After a volatile 2017, oil markets turn towards 2018 and the topics that will dominate the next 12 months. Below Stratas Advisors sorted the risks into four main topics that its analysts predict will dominate the 2018 news cycle.
What is OPEC’s timeline?
OPEC’s success at managing markets has exceeded expectations since signing the crude oil production agreement in November 2016, which has been a significant driver of the 2017 price recovery. At its recent meeting last November, OPEC and its non-OPEC allies said that they decided to rollover the current production agreement through the end of 2018. Before the group had even finished its end-of-meeting press session they were being asked what the plan for unwinding the agreement was going to look like and when it would be announced.
Stratas Advisors expects chatter surrounding what the end of the deal will look like to continue, spiking around every meeting of the Joint Compliance Committee since OPEC left the door open for the deal to be re-evaluated and ended early if needed. Additionally, there appears to be some divide amongst members on the appropriate time to begin discussing an end to the deal. Stratas Advisors anticipates that private discussions amongst members are already ongoing, but said the risk is that the moment these discussions become public there is a chance that markets will effectively believe that the deal has ended.
In Stratas’ Reference Case it said the deal should remain officially in effect through the end of the 2018, but with compliance decreasing notably in June as formal discussions on ending the deal become public.
Will demand growth underperform?
Consensus demand expectations suggest 2018 will post gains similar to 2017 on strong economic growth globally. Much of the growth will be centered on the usual suspects in non-OECD Asia, but there will also be sizable growth in major oil exporting economies as the price of crude stabilizes and public spending picks up. Stratas Advisors current reference case demand growth is 1.3 million barrels per day (MMbbl/d).
However, this growth is not guaranteed and there are variables that could derail it. Global economic growth could disappoint, especially if governments take this time of relative prosperity as an opportunity to enact more fiscal reforms—something highly recommended by various global economic think tanks.
There is also the risk that as product prices rise, demand experiences a sharper than expected contraction in those countries which have recently reduced and removed subsidies.
Even if growth is not actually stunted by any external factors next year, fears that it is under-performing could still rattle markets, similar to what was seen in second-quarter 2017. Given the lag inherent in global data releases even perceptions of weak demand could hinder prices, despite being disproven by subsequent data releases.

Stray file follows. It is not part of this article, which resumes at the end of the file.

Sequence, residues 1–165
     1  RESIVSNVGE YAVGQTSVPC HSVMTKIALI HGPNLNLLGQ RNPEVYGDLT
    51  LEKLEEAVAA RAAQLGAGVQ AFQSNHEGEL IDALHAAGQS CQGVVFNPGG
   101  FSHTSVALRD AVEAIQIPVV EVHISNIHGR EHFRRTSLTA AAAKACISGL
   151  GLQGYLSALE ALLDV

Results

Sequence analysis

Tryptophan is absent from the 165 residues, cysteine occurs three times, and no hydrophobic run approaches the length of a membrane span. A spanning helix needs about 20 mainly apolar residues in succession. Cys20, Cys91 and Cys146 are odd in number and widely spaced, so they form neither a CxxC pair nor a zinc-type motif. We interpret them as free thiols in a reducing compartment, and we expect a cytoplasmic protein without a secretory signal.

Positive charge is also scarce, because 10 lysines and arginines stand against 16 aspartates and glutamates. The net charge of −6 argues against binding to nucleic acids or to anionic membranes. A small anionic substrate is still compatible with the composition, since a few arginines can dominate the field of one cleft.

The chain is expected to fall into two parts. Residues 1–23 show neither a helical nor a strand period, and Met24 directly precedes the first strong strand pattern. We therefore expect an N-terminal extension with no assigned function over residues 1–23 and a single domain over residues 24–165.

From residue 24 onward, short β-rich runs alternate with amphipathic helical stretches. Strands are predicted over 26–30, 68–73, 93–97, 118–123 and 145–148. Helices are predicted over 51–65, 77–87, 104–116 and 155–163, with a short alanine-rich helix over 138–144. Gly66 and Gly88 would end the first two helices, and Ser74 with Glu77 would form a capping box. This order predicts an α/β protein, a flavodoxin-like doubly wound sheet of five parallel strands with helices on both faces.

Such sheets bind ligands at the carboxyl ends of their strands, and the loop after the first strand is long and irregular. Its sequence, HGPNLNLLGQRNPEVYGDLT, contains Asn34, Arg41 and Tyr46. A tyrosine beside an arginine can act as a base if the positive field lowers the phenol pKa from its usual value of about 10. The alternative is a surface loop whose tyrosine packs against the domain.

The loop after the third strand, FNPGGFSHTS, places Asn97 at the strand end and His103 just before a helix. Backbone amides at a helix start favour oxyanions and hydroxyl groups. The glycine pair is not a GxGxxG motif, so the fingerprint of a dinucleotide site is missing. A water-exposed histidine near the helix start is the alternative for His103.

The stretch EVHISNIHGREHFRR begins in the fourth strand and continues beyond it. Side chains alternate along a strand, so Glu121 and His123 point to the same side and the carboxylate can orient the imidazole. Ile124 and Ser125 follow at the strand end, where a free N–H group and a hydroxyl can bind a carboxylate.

Will geopolitics drive prices?
Since the price decline began in mid-2014 geopolitical events have had a significantly smaller impact on crude oil prices. In a period of oversupply, markets are more willing to shrug off the risk of geopolitical disruptions on the supply side. However, given that markets will be effectively balanced in 2018 any serious risks to supply will likely have a larger impact on prices. Furthermore, given all of the attention being paid to OPEC negotiations, political disputes between OPEC members could be seen as more likely to put the overall deal at risk now that prices are at levels where some countries might be more comfortable walking away.
Of particular note will be tensions between Iran and Saudi Arabia, and the state of domestic politics in both of those countries. Frustrated with years of economic under-performance and the slow pace of change in the country, Iranians are currently protesting throughout the country. While unlikely to lead to an Arab Spring-style revolution, it could put pressure on Iranian leaders to attempt a regional show of force or make economic concessions that would make it difficult to remain in the supply deal.
In this same vein, other disruptions will likely have a greater price impact such as the pipeline disruptions seen in December in the North Sea and in Libya.
How quickly will supply outside of OPEC grow?
Finally, non-OPEC sources of supply will continue to be a talking point throughout 2018. Currently Stratas Advisors expects the bulk of upcoming non-OPEC, ex-U.S. growth to occur in 2019 and 2020, but Stratas does expect some volumes to come online in 2018. These volumes are primarily small additions to larger projects in Canada, Kazakhstan and Brazil.
On the U.S. side, Stratas expects U.S. crude and NGL to grow approximately 300,000 bbl/d as U.S. shale producers continue to ramp up activity in light of higher prices. Stratas also expects rig counts to continue rising, but do not see an exactly commensurate increase in production for two reasons.
One, Stratas assumes that as crude prices rise, drilling and completion costs will also rise resulting in some firms choosing to drill, but delay well completion. Additionally, rising costs due to rising crude will wear away much of the efficiency gains touted by firms as significant progress in lowering breakevens were due to lowered costs. With costs rising, breakevens will rise, acting as a natural brake on activity.
Second, even with many new wells being drilled, production gains will not be as strong because firms will be pushed into their less productive acreage, lowering initial flow rates and further reducing some of the efficiency gains seen since 2014. However, the pace of U.S. growth does remain a sizable question mark with most current estimates assuming no further breakthroughs in technology, which could dramatically lower costs or speed up drilling timelines.